The Roman wall around the city was nearing completion and Vercingetorix made another calculated decision that would prove pivotal. He needed to save his food in the city, so he decided to allow the citizens, especially the women, children and the elderly to leave. He expected the Romans to just allow them to pass since they had no military value. However, Caesar used this as another, albeit cruel, opportunity to win a battle of wills and blocked the civilians from leaving – he ordered his men to trap them between the walls and let them starve. His battle-hardened men, Italians and Romans, really had little sympathy for the starving women and children and after a few days of watching the suffering, the Gauls blinked and had no choice but to allow them to return, thus worsening the food situation for them.
It was another calculated decision that had several important psychological advantages for Caesar: it showed that there was a definite divide between Romans and barbarians (the Gauls), it forced his opponent to be viewed as more cruel than the Romans because they were of the same people, it further depleted the morale of the Gauls because of dwindling food supplies, and it boosted the morale of his own men because it showed consistency, resiliency and discipline. The food situation had now become serious for both Romans and Gauls, but Caesar did not allow this to show in the same way that his opponent had done. Of course, he still faced the danger from the reinforcements that would eventually come.
The encircling wall was now complete and fortified, so Caesar ordered his men to build another wall around his own encampment. This wall would serve as a defense against the reinforcements. Construction on this wall was not under threat from the Gauls who were now hemmed in the town of Alesia. Since his men now had the tools and experience of building walls in this environment, the outer wall progressed much faster. The Gauls could only watch as a new wall was erected all around them. Escape would be impossible. The starving Gauls were becoming more desperate, morale was weak, and the will to carry on the fight was waning. While the situation for Caesar was not much better, the construction of the outer wall had one final advantage, but one that Caesar kept to himself. The Romans were also hemmed in and so their only way through was to fight their way out. It was both a symbolic and effective way to corral the will of his men to fight in an extremely difficult situation, but it proved to be effective.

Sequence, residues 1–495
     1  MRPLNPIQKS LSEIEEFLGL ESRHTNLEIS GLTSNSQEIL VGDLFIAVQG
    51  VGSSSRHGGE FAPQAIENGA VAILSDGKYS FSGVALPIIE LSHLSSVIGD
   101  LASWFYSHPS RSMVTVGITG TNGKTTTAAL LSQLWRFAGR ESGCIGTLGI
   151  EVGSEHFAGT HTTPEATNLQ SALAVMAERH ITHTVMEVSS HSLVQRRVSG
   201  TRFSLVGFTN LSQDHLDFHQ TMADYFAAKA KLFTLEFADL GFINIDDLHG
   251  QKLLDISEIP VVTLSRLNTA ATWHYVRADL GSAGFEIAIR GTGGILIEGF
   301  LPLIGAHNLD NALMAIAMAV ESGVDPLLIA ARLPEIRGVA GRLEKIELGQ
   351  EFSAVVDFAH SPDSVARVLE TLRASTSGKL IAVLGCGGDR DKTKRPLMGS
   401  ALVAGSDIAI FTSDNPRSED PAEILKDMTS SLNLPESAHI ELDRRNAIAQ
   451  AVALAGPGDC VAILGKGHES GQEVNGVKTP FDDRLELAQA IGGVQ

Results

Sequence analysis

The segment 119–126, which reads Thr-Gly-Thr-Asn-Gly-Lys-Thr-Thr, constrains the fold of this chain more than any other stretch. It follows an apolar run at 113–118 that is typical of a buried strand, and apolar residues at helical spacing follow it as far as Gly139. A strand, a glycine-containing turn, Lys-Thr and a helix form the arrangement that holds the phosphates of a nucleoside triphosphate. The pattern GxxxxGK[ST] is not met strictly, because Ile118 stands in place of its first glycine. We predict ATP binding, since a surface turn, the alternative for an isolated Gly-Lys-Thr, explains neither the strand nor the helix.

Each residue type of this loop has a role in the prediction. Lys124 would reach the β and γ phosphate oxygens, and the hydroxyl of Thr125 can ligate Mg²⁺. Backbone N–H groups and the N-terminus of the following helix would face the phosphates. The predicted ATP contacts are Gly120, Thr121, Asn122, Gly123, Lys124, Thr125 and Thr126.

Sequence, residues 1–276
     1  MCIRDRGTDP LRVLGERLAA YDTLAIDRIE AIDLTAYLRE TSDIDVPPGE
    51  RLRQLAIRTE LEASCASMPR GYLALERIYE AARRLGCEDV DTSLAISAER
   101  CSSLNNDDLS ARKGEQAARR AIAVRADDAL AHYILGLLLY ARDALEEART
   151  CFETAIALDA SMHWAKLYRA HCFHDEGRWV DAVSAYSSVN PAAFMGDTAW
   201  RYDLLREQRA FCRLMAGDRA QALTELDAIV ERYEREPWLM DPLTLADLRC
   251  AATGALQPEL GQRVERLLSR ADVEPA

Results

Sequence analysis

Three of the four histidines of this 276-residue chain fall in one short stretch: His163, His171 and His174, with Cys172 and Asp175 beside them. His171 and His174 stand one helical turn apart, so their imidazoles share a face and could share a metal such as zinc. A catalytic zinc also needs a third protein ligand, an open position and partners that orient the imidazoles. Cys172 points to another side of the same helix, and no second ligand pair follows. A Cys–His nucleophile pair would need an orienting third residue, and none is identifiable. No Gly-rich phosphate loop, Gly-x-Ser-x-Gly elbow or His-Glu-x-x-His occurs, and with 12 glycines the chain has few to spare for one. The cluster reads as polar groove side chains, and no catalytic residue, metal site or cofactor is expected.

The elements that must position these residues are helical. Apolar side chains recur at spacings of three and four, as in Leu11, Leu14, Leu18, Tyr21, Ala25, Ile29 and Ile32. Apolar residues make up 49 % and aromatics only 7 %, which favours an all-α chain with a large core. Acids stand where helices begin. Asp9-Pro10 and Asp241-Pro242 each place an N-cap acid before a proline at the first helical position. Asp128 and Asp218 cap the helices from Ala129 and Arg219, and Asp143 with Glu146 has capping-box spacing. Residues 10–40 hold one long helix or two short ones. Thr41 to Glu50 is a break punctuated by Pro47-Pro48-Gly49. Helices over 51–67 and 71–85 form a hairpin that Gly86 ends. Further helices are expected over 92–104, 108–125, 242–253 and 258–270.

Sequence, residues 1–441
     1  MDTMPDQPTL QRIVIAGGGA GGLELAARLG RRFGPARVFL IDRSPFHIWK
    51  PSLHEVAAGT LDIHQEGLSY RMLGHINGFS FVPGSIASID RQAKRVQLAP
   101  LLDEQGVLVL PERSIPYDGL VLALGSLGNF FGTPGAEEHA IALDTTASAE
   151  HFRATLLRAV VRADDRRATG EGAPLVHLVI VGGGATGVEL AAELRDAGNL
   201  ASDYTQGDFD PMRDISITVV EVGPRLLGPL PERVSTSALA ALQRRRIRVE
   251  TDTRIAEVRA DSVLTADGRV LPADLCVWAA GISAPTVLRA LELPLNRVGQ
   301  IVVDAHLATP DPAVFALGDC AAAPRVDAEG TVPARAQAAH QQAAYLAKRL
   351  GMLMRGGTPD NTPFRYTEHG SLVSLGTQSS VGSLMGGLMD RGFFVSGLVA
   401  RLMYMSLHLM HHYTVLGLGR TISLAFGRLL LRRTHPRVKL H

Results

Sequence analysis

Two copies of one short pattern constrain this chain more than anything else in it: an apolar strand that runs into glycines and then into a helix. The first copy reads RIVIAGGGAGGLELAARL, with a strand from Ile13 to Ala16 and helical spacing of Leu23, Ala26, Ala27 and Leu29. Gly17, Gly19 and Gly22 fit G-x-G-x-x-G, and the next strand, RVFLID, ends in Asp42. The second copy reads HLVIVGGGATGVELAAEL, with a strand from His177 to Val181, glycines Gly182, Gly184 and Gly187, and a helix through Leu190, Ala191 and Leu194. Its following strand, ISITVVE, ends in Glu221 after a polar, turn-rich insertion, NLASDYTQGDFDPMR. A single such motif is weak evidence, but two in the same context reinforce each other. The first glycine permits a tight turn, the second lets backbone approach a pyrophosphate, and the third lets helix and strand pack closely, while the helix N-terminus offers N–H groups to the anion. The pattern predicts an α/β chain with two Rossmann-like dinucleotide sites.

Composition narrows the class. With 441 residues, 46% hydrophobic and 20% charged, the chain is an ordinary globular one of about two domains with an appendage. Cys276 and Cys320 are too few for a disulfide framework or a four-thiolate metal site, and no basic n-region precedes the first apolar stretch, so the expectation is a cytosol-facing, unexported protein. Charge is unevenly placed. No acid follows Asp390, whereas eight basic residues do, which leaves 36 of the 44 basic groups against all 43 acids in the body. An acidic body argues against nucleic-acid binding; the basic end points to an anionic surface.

When the Gallic reinforcements arrived, they numbered at least 50,000 men. Not only was Caesar already outnumbered by the men in Alesia, he now had an army of barbarians at his rear that exponentially tilted the odds. Would the lengthy preparations, the psychological maneuvering, the prowess of the engineers, and the resilience of the Roman legions prove enough to win the battle that was now about to start?
Is the suspense killing you?
Just imagine what the common soldier must have been thinking on the eve of battle.
OK, I’ll tell you. The battle was extremely close, with the relieving Gauls even succeeding in breaching the outer wall while Vercingetorix and his forces meet the Romans on the inner wall. A disaster for the Romans was just narrowly avoided by Caesar riding into the fray himself and through this act of bravery rallying his men to repulse the barbarians. After several days of fighting, the reinforcements began to lose heart and started leaving the battle. When the majority of them had left, Vercingetorix realized that this battle was lost. He rode out alone and surrendered himself to Caesar and ended the war in Gaul.
The Romans won by just a hair. This means that every preparation, every psychological factor, every calculated decision, and every effort exerted by a Roman soldier combined to just tilt the battle in their favor. The history of the Western world as we know it today was in the balance and every tiny factor played a part in the final outcome.
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The events that unfolded at Alesia are a critical lesson for every manager, leader, or business owner. When business conditions are at their most dire, even a seemingly meaningless little twist in how something is done can make the difference between success or failure. That small decision, which in any other situation would be relatively meaningless, is then crucial in determining the outcome. It is the convergence of dire conditions that can make these small factors so incredibly important.
A great leader understands this by building on the strengths in the arsenal, redefining the playing field, and turning every adversity into an advantage. A great leader also knows that at a crucial moment it may be necessary to personally jump into the fray to tilt the balance into her/his favor. Being able to do this effectively in the most critical moments comes from learned experience, something that Caesar had just a bit more of than his very capable opponent, Vercingetorix.